again. And so that might mean that they bring the blanket to you. Occasionally they’ll start swaying and
start doing the tune of the song. Another thing that they might do is they might put something on their
own head because they want you to do that. Or they might come and cover your eyes or cover their
own eyes. Those are always that they are initiating that game again. And then we’re looking for
participation, and sometimes initiation and participation go hand in hand. So they might initiate it by
putting their hands over their eyes, and then they continue to engage and participate in that play. Those
are all the things that we’re looking for with social games. Now this particular social game happens to be one of my favorites, but it’s not the only one.

There are lots of different ones that we can do. We can use a song. One of my favorites is the Row Row
Your Boat song. And I like to use the version where at the end you say, “If you see an alligator, don’t
forget to scream, ah.” Again, this is something that kids often can and will imitate and do. And again,
we’re just looking for that awareness first. Do they even know that we’re doing this? Are they interested
in this thing that we’re doing? If they’re not interested in it, we can try to get their interest, but if they’re
not interested in it, that’s okay. Are they wanting to engage and initiate and participate in this task?
Oftentimes we use lots of body movement with, for instance, the Row Row Your Boat. So we might be
moving their bodies and our bodies back and forth together. And then at the end, I either put my hands
on my face or I put my hands on their face, or sometimes I help them put their hands on their face.

Another really fun would be your songs that have hand motions to them. So a fun social game might be
Wheels on the Bus or the Itsy Bitsy Spider, if those are things that your child enjoys. Sometimes it’s none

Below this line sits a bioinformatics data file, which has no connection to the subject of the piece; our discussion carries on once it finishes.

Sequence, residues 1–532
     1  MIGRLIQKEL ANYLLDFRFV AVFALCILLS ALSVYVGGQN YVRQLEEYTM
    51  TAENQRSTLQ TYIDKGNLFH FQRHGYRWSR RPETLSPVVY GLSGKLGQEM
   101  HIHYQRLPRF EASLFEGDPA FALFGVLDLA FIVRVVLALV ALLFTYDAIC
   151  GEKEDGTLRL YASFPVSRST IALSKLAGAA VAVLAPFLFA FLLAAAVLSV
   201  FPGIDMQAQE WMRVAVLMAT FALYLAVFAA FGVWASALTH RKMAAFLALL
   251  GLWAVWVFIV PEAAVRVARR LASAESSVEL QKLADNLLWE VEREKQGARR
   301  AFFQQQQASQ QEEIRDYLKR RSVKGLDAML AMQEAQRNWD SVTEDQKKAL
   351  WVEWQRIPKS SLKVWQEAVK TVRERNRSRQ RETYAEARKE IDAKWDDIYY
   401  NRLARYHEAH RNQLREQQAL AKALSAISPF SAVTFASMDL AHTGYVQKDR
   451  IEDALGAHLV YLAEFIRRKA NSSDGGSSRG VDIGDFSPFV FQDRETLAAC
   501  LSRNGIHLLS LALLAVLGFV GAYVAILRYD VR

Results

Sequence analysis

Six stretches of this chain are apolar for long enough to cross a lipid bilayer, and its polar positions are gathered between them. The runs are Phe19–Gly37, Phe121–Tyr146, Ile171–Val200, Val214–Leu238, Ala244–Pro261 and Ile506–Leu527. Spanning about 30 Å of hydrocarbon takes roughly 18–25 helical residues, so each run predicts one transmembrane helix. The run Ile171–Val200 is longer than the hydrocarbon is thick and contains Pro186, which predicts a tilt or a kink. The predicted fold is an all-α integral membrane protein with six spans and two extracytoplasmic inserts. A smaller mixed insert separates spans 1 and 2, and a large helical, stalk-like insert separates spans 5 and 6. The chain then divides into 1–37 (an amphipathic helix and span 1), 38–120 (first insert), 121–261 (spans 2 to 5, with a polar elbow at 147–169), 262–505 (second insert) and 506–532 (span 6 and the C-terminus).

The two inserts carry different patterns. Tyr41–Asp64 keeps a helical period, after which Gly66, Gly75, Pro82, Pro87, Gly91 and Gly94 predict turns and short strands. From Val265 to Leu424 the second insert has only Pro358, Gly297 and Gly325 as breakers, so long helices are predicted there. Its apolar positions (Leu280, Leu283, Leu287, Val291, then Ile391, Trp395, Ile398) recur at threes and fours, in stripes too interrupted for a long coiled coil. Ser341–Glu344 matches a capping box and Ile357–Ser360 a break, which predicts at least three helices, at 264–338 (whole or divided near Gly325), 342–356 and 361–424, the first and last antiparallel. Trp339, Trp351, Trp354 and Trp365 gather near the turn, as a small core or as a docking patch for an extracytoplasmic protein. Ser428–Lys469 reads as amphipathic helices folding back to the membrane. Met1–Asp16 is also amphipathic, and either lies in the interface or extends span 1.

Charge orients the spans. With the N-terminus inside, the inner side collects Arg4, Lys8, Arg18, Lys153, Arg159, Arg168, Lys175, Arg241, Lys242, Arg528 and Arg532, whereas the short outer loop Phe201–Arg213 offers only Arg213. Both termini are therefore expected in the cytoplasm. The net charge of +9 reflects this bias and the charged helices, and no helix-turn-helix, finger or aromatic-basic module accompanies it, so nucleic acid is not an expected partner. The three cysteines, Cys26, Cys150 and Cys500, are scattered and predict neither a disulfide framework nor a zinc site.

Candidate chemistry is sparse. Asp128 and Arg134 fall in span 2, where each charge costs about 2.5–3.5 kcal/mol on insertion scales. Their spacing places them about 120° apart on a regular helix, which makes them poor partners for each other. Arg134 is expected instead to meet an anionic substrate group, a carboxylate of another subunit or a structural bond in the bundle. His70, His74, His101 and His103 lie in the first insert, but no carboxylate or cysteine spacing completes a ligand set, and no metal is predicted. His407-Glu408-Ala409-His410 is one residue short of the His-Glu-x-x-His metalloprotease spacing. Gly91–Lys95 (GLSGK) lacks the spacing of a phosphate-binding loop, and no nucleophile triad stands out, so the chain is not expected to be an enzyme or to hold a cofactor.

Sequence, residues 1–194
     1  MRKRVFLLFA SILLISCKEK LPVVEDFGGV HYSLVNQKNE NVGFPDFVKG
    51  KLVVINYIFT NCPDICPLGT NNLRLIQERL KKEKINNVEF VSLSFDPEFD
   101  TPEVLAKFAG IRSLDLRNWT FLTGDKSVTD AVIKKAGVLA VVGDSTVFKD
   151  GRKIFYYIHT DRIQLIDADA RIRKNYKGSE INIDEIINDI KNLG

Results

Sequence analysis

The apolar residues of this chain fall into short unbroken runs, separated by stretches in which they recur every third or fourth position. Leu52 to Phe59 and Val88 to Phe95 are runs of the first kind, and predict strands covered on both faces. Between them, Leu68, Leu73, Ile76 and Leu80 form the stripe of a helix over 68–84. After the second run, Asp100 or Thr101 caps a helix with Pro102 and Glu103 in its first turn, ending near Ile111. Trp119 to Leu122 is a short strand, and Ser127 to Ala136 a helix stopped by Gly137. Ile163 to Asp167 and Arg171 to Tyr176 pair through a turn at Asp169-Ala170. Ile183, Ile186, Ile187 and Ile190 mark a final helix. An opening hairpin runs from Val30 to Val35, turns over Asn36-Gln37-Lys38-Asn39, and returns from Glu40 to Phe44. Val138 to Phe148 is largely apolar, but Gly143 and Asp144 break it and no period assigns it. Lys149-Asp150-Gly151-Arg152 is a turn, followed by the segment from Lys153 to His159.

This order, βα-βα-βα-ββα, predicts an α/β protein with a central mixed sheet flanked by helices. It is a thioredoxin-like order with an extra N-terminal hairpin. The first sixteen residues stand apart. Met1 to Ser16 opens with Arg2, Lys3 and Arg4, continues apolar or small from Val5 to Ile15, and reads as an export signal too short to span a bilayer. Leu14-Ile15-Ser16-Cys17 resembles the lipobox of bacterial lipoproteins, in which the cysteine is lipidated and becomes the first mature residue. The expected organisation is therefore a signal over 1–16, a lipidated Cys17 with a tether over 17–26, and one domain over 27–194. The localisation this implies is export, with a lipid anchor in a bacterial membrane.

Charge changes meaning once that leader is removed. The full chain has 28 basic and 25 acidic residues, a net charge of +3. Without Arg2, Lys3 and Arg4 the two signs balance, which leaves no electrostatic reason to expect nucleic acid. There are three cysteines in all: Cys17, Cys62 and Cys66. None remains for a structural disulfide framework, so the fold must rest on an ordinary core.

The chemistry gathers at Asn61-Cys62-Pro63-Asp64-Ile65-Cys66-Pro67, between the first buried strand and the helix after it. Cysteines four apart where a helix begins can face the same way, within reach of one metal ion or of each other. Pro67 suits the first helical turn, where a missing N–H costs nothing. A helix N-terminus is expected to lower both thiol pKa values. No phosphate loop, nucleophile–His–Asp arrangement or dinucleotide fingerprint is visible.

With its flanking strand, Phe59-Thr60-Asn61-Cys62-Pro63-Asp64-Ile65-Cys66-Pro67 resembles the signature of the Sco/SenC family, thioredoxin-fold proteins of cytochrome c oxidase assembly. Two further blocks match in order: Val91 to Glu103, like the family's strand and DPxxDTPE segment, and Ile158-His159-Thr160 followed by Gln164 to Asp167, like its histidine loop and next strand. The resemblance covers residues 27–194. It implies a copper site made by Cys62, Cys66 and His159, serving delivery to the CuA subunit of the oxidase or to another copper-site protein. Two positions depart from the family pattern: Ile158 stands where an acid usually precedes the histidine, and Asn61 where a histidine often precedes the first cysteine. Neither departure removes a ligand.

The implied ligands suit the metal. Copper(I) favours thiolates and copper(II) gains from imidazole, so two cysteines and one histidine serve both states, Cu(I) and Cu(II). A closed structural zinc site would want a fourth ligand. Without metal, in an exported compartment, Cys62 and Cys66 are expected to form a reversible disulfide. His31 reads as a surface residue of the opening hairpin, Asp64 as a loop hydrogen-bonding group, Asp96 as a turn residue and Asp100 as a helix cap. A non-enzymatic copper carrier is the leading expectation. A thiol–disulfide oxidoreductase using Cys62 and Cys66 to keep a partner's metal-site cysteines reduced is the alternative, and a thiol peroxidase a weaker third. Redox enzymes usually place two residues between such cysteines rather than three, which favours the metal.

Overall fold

of that, they’re not interested in any of that. But maybe they’re just a itty bitty little baby and they’re
sitting in a bouncy seat and you’re just looking to see, are they aware of us? Are they engaged? Are they
following me with their eye gaze? Does their facial expression change when I engage with them? And so
that could be as simple as going, “Ah, boo,” and just touching them. That is a social game. So sometimes
kiddos aren’t interested in toys. That’s okay. They’re not ready for that yet. They will be, we will get to
play. Believe me, there will be favorite things that they enjoy. Maybe not the way you think they will.
They might start exploring toys in ways that are not the ways that you expect them to. And that’s okay
too. We’ll get to that another day.

But if they aren’t ready for toys and that’s not where they are in their development, then we’re going to
back up and we’re going to start with social games and fun songs and play in that way. This might also
look like diaper changes. I don’t know if you guys talk to your babies when you do diaper changes, or if
it’s just a down and dirty one. But if you do, or maybe when you’re getting them dressed or undressed
for a bath time, taking their little feet and covering your eyes and saying, “Boo,” whenever you do that is
a really fun way, or moving their legs back and forth like windshield wipers and singing, “The wipers on
the bus, go swish, swish, swish,” or even taking something and putting it on their head and then letting
them pull it off or you helping them pull it off. And then you just start giving that eye contact and those
giggles and those laughs, those are connections that all happen before language starts.

And those are social games and they’re really fun. And they’re a great way to connect with your child,
build some rapport and some relationship. And they’re a great foundation for language.

I hope this has been helpful, and I hope that you join us again next time. Don’t forget to like, follow,
subscribe so that you get notifications whenever we put these tips out. Have a great day.